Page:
Trade credit insurance may offer exporters engaged in international trade an opportunity to expand their business without risk of buyer nonpayment. Such an opportunity can open doors for multinational corporations and SMEs alike to establish business in emerging markets, while also offering better payment and financing options to clients. While utilization of this particular trade finance product is increasing, claim levels and regulatory barriers threaten to destabilize the industry.

Zack Andersen - The Author

The Author

Zack Andresen

Zack Andresen is a business technology writer based in Brooklyn, NY, but currently traveling the world with his wife and son. Learn more at ZackWrites.com.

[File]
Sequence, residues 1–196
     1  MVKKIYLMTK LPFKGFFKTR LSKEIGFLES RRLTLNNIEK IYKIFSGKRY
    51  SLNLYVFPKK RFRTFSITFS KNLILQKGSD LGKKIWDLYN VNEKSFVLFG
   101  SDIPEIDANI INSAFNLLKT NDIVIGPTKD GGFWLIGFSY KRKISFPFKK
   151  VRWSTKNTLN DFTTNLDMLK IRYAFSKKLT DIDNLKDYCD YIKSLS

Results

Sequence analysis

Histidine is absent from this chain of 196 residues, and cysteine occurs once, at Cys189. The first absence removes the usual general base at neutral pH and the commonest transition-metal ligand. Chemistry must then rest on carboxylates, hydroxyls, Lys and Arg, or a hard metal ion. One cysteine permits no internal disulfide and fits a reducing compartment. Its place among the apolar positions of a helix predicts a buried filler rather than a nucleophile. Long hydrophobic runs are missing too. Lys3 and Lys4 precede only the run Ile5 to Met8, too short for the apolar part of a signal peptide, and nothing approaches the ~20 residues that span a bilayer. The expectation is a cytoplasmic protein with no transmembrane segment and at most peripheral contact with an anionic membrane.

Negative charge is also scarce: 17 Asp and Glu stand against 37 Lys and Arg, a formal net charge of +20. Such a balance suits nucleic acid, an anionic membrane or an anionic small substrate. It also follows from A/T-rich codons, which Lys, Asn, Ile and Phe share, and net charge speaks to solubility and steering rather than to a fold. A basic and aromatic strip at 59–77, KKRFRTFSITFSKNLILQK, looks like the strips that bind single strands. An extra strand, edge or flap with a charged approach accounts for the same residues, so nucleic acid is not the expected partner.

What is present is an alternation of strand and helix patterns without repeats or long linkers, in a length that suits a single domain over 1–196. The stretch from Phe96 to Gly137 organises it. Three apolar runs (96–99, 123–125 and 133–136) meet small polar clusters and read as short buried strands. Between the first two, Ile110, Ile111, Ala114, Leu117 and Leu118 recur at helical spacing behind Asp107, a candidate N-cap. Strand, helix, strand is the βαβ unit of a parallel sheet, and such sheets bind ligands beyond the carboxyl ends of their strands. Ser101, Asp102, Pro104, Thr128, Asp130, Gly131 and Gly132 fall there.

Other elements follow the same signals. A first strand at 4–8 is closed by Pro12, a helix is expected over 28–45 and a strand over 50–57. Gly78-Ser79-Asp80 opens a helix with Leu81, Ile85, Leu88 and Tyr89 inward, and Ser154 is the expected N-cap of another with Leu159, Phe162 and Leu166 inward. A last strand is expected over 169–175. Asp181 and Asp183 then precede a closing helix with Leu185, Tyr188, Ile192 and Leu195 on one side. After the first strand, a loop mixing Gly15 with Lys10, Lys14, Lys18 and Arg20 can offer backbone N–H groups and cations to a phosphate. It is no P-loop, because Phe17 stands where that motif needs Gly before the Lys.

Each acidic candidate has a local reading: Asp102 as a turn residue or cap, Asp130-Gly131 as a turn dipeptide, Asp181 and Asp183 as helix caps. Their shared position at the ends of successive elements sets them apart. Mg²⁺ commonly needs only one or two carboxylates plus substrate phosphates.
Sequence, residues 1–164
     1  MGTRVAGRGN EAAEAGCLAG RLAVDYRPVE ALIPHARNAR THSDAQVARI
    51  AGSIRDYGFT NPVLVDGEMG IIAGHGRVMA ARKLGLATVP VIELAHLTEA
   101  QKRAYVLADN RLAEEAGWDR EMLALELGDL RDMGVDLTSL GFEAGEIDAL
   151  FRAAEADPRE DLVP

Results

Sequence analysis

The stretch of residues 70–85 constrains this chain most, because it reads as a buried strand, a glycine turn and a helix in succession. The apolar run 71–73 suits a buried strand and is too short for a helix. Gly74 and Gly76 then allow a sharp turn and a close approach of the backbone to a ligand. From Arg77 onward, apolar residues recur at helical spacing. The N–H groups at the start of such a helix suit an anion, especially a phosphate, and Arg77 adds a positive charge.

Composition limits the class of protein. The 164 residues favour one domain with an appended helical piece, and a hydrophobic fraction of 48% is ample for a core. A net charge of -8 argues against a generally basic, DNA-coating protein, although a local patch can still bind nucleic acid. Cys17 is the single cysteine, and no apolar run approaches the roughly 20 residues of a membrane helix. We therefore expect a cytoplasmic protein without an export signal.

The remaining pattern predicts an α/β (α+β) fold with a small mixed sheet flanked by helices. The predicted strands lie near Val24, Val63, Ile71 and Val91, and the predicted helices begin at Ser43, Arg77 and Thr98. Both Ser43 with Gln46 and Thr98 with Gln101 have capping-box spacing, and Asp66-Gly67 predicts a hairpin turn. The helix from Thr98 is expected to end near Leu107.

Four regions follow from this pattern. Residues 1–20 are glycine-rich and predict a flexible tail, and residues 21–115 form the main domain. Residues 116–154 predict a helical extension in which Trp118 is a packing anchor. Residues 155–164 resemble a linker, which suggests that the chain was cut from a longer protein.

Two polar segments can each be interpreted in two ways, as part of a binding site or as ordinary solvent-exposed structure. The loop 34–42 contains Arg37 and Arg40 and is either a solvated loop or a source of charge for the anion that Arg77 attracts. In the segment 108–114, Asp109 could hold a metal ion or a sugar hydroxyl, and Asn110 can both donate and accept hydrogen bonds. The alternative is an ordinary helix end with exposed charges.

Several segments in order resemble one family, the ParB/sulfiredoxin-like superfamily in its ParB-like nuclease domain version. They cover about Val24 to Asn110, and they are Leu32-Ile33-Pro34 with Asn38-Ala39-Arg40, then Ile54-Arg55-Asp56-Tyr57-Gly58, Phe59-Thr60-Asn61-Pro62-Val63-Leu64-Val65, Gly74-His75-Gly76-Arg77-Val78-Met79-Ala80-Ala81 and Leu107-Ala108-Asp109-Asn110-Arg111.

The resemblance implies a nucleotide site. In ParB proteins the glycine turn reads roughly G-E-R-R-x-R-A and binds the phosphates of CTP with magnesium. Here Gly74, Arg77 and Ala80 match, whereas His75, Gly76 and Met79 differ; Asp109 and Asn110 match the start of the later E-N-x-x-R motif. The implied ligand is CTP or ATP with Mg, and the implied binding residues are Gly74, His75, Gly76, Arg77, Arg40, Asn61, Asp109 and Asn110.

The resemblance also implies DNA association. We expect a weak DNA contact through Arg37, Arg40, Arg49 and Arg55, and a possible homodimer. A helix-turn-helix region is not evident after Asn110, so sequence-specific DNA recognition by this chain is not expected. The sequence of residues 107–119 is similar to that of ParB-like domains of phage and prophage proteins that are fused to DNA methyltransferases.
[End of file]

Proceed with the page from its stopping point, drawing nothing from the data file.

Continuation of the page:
Sources

1. Global Risks Report 2017, World Economic Forum; http://reports.weforum.org/global-risks-2017/preface/
2. Rethinking Trade Finance, International Chamber of Commerce; https://cdn.iccwbo.org/content/uploads/sites/3/2017/06/2017-rethinking-trade-finance.pdf
3. “5 Reasons U.S. Exporters Underutilize Trade Credit Insurance,” Export-Import Bank of the United States; http://grow.exim.gov/blog/5-reasons-us-exporters-underutilize-trade-credit-insurance
4. “What is the difference between export credit insurance and trade credit insurance?,” International Credit Insurance & Surety Association; http://www.icisa.org/trade-credit-insurance/1547/mercury.asp?page_id=1673
5. “Export Credit Insurance,” Export.gov; https://www.export.gov/article?id=Trade-Finance-Guide-Chapter-9-Export-Credit-Insurance
6. “Trade Credit Insurance,” Global Trade Mag; http://www.globaltrademag.com/trade-credit-insurance